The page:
Many of my columns are written while sitting out on our deck looking past manicured lawns to the wide, green expanse of the golf course. Today my laptop and I are on a deck but the view is very different. We are enjoying a week's vacation with a son and his family in the mountains of Colorado. Our stay is at the vacation home of a friend and his wife, a 4-story house perched half-way up the side of a mountain. I could spend the entire week just sitting here drinking in this view but I was not allowed to limit my experience in that way.
We hiked a trail that ran alongside a waterfall. My husband and I went as far as we could before realizing breathing was becoming much too difficult. Some flat rocks called out to us to sit a spell. We remained there while the rest of our group continued climbing to the top of the falls. Soon other hikers came along and it wasn't long before we felt we were the official photographers at the half-way point on the trail. People grabbed the chance to get a photo of their entire group with the raging waterfall in the background. We were happy to oblige knowing that often photo albums include very few pictures of the camera-carrier. Kids ask, "Was Dad with us?" We helped make sure these folks had pictures that included dad. In addition to taking pictures we enjoyed brief visits with each group. My husband can strike up a conversation with anyone. He found a tree that had been tapped for its sap and pointed it out to the kids going past.
A highlight for my husband during our trip was learning to fly-fish for rainbow trout in a lake fed by mountain streams. The water was so clear we could see the fish swimming past. That also became a frustration because a great big trout was cruising the area and my son, grandson and husband didn't want to quit fishing until they caught it. They caught a few fish but when we left the BIG ONE was still in the lake playing its game of teasing the folks with their almost invisible lines and colorful bobbers.
One day cousins from Denver drove out to join us for the day. We had not seen them for a decade and words flew fast as we tried to catch up with one another's lives. We brought along letters, pictures and newspaper clippings about the grandparents and other relatives we shared. The photos and information sparked sentences that began with "I remember when..."; "Did Grandma ever..." or "I didn't know...". We learned a lot from one another and I, for one, thoroughly enjoyed every minute of their visit.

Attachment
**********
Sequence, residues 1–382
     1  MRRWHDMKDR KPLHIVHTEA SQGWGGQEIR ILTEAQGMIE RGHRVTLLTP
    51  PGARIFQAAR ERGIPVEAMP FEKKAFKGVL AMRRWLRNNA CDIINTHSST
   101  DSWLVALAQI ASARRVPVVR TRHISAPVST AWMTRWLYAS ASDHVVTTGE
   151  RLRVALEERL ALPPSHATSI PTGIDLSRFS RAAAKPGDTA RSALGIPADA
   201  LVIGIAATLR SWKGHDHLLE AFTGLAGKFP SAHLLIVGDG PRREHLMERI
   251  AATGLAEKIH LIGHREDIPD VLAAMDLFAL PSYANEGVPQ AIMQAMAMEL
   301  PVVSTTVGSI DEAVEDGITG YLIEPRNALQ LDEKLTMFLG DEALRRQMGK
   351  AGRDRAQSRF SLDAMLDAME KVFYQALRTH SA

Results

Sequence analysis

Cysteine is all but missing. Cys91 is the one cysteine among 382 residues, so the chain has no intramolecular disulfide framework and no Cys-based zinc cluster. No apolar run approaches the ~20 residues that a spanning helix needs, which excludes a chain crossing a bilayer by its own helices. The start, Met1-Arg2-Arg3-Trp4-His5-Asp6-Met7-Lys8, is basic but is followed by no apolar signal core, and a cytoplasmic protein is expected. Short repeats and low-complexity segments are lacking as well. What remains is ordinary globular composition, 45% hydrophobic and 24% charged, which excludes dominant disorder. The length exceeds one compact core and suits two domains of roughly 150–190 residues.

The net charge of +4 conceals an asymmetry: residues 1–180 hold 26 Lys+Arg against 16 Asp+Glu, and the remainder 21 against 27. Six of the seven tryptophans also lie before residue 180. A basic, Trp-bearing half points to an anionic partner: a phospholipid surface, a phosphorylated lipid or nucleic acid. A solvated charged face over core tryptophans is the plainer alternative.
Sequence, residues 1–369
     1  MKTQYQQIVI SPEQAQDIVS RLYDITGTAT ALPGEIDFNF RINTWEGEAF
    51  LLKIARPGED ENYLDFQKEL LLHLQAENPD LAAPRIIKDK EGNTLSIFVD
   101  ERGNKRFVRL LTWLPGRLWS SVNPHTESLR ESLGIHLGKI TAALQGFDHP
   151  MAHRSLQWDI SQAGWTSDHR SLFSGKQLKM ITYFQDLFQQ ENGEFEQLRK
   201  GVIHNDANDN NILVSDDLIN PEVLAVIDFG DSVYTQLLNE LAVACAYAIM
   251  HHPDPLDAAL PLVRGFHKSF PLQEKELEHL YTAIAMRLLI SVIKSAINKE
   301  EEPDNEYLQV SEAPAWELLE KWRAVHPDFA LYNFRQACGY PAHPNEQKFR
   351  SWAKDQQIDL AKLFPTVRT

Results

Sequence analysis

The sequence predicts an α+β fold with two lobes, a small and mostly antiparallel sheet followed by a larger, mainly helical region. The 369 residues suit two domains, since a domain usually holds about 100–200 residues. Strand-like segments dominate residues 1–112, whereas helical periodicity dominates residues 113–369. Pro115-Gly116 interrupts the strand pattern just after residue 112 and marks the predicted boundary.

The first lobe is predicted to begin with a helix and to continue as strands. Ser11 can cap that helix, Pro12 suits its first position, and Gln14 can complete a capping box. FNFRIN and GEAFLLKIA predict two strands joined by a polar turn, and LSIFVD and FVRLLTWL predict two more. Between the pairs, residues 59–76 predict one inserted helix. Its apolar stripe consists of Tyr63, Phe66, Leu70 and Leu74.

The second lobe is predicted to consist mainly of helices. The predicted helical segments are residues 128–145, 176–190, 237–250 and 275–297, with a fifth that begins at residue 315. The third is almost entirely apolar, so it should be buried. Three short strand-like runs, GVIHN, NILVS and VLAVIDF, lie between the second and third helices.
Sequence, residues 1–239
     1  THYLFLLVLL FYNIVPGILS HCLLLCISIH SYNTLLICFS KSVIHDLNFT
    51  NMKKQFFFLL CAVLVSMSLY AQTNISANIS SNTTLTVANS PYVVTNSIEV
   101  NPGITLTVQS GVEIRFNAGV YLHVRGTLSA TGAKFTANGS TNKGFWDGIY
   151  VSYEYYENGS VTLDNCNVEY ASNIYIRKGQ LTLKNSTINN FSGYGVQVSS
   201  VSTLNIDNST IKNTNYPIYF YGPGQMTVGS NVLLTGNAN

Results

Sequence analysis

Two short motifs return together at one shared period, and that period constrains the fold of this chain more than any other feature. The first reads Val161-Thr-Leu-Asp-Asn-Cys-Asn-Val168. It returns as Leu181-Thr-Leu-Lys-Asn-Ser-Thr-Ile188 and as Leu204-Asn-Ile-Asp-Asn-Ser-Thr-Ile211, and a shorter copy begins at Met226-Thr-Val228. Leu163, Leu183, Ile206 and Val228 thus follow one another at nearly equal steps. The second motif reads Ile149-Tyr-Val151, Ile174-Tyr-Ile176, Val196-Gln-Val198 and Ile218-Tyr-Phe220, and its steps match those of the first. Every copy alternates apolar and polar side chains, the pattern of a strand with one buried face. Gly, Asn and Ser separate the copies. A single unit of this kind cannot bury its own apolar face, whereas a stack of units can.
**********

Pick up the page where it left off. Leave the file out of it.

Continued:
We took long drives through beautiful mountain passes and visited quaint shops in small western-inspired towns. The children were thrilled to ride in a gondola with us up the mountain above Breckenridge where ski lifts picked up passengers taking them further up the mountain to slide back down riding individual sleds. I would define it as skiing on your rump with no balancing required. We were high up and the air was on the chilly side there but when we heard it was over 100 degrees at home, we welcomed the low temperatures on behalf of everyone at home who wished they could have a little of it.
Our daughter, her husband and two adult offspring came from Kansas to join us for a day of hiking and exploring. The area behind the house was steep and rocky but it begged to be hiked. I was quite a way up the steep incline when I had a flash of wisdom. I should have taken one of the walking sticks from the storage area of the garage before attempting this climb. My son-in-law came to my rescue. With his help I managed to climb to the top to explore rocky caves, then descend in an upright position. Left alone I would have had to resort to sitting down and sliding down on my backside without the benefit of an Alpine Sled.
Back home I complete this column sitting on our deck on a hot and humid evening. I won't be able to stay out here for long. The green lawn we left a week ago has turned yellow and brittle. The grandchildren kept my flowers watered during our absence. They look fine but the weeds grew unmolested. We returned from our vacation with renewed energy, ready to resume our normal routines. Weeds beware. Your days are numbered.